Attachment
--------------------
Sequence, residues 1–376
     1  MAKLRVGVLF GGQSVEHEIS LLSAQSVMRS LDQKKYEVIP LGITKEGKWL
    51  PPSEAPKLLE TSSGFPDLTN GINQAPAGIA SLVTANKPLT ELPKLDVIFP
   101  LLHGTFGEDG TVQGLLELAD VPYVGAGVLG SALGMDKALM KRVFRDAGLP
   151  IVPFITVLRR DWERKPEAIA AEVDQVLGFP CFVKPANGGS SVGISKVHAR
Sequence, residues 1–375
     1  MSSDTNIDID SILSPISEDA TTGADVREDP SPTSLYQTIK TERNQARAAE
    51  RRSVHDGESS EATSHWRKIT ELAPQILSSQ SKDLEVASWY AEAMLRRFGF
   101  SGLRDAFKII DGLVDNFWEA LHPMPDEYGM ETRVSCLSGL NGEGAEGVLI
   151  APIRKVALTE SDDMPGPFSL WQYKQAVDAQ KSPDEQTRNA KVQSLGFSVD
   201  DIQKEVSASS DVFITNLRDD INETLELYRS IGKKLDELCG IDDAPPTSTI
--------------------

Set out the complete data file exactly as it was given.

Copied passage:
Sequence, residues 1–376
     1  MAKLRVGVLF GGQSVEHEIS LLSAQSVMRS LDQKKYEVIP LGITKEGKWL
    51  PPSEAPKLLE TSSGFPDLTN GINQAPAGIA SLVTANKPLT ELPKLDVIFP
   101  LLHGTFGEDG TVQGLLELAD VPYVGAGVLG SALGMDKALM KRVFRDAGLP
   151  IVPFITVLRR DWERKPEAIA AEVDQVLGFP CFVKPANGGS SVGISKVHAR
Sequence, residues 1–375
     1  MSSDTNIDID SILSPISEDA TTGADVREDP SPTSLYQTIK TERNQARAAE
    51  RRSVHDGESS EATSHWRKIT ELAPQILSSQ SKDLEVASWY AEAMLRRFGF
   101  SGLRDAFKII DGLVDNFWEA LHPMPDEYGM ETRVSCLSGL NGEGAEGVLI
   151  APIRKVALTE SDDMPGPFSL WQYKQAVDAQ KSPDEQTRNA KVQSLGFSVD
   201  DIQKEVSASS DVFITNLRDD INETLELYRS IGKKLDELCG IDDAPPTSTI